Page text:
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On January 17th, in 2016, we lost a seminal Funk & Jazz artist, fluegelhorn player, tromobonist, session musician, trumpeter and member of Tower of Power-Mic Gillette (seated-r). He passed away in Concord, California. Gillette was considered a child prodigy. His father was a trombonist that played for Stan Kenton and Tommy Dorsey. He had other brass instruments in the house, and Mic got a hold of one of his trumpets and started playing. He was reading music by the time he was 4. In the mid 60s, he joined an early version of Tower of Power called the Motowns (he was 15). They were a Jazz, Soul, Funk outfit with an impressive horn section that came out of the San Francisco Bay area (East Bay).
Their music was a merge between the sounds of Sly Stone (area native) and the hippie counterculture music-Psychedelic & Blues based Rock. In 1968, he doubled between Tower of Power & Cold Blood, which was another area band featuring Lydia Pense on, lead vocals. They also had a similar sound to Tower of Power, but with a female on lead, and more Rock in their sound. He got his recording debut with Cold Blood in 1969 on their self-titled debut. He was first trumpet in the Tower of Power horn section for their debut: East Bay Grease (Fillmore Records, 1970). He toured and recorded with both bands throughout the 70s, and did session work for others. In 1984, he called it quits for 11 years. In 1995, he released a solo LP-Newvo Kids and joined the Sons of Champlin in 1998. He was 64 when he passed.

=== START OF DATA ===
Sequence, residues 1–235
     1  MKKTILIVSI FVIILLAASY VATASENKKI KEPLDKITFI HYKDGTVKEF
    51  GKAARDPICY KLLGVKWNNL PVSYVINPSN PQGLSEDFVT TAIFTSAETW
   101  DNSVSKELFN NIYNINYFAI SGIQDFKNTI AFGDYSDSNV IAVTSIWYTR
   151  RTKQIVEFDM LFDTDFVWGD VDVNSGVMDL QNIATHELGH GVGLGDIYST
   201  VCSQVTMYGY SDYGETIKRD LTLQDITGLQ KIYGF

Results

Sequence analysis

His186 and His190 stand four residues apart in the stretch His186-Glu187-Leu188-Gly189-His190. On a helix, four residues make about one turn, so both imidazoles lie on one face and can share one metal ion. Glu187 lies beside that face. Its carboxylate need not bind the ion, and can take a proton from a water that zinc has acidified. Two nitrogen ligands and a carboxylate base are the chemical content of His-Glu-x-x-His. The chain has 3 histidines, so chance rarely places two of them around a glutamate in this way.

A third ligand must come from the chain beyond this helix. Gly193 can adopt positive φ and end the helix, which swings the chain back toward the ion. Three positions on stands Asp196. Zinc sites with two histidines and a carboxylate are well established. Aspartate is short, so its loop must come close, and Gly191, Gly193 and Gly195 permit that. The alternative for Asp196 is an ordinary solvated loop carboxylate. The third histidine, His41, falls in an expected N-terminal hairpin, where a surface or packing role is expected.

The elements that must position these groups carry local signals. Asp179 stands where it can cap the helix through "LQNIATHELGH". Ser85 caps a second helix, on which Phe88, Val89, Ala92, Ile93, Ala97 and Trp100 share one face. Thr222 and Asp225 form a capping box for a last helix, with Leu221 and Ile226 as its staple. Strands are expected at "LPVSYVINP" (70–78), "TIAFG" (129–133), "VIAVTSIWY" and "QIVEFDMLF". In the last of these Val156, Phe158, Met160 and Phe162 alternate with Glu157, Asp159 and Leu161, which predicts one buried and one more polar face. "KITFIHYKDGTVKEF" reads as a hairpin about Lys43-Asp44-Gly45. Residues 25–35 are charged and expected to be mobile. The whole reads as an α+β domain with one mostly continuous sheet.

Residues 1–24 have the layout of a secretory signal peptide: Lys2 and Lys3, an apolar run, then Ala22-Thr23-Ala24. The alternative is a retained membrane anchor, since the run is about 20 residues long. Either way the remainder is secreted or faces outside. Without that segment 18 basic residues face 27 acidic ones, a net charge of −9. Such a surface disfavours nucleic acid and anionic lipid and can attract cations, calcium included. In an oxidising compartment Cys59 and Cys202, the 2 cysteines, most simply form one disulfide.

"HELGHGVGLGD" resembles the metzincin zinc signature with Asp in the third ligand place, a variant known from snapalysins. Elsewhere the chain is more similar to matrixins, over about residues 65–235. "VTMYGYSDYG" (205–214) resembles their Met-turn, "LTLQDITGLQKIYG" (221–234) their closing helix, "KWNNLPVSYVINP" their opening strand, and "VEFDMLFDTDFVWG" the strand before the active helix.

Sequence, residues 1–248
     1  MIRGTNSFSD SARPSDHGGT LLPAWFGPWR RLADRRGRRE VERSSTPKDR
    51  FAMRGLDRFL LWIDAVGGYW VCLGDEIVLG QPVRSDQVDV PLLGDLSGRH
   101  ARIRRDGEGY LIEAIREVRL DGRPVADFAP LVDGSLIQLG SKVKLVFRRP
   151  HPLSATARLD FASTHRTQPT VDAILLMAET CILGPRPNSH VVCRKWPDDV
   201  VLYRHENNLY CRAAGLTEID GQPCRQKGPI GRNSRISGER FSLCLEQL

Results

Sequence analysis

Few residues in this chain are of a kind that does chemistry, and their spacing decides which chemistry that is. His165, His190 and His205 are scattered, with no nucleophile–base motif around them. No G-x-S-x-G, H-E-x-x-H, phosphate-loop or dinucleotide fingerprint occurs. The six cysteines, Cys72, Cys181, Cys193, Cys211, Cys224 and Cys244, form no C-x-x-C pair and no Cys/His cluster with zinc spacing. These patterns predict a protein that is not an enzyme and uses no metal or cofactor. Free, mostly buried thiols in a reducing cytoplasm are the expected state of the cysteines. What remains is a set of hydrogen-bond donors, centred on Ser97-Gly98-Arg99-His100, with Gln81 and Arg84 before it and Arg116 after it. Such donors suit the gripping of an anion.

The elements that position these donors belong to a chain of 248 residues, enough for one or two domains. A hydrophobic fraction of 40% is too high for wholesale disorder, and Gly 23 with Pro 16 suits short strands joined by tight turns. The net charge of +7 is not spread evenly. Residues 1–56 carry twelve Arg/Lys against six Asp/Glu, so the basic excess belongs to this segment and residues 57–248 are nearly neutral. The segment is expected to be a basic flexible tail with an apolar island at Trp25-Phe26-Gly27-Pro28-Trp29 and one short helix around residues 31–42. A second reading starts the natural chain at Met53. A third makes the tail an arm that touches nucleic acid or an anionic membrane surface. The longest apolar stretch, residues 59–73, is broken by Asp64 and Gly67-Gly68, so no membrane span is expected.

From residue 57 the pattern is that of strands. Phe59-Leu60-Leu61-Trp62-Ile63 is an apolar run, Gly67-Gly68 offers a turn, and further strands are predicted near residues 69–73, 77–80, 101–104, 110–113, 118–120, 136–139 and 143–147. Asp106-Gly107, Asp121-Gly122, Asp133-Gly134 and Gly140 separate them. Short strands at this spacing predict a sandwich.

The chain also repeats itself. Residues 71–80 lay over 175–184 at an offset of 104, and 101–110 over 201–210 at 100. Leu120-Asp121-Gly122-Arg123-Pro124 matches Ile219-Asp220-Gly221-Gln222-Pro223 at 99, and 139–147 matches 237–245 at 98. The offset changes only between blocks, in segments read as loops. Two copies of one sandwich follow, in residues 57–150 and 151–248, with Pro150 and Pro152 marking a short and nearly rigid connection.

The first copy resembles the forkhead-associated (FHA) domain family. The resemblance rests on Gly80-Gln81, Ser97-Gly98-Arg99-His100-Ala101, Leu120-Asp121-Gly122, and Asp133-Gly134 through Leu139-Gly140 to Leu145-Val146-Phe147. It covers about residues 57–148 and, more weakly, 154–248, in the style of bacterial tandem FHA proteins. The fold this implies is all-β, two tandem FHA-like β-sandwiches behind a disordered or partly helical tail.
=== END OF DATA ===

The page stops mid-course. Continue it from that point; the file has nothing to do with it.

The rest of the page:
On January 17th, in 1970, we lost a Soul & Blues pianist, singer, songwriter, drummer, session musician and bandleader-Billy Stewart (William Larry Stewart II). He passed away in Smithfield, North Carolina. If you’re a fan of Gospel, Soul & Blues from the mid 50s to the late 60s, then Stewart is one of those musicians that you’ve heard, but may not have known who he was. He either is playing drums, piano, singing or doing any combination of those three on a song from that era. He got his professional start when he was 12. He played piano and sang gospel in the DC area with his brothers-James, Frank & Johnny: The Four Stewart Brothers. They had a reoccurring live program every Sunday on WUST-AM.
In his teens, he started doing secular music and would sit-in with the Rainbows-a vocal group featuring Don Convey as lead singer (early to mid 50s). He met some prominent artists while he was with the Rainbows: a young Marvin Gaye and Bo Diddley. In fact, Stewart was discovered by Bo Diddley in 1955, who also invited him to be the pianist in his band. Diddley got him a deal with Chess records and played guitar on his first secular single-Billy’s Blues (1956). In the late 50s, he signed with Okeh Records and released Billy’s Heartache which featured the Marquees on backup vocals (with Marvin Gaye). He returned to Chess in the 60s and had some success with them. Most notably, his 1966 LP-Unbelievable produced a top 10 single-Summertime (cover of George Gershwin’s song). He was 32 when he passed.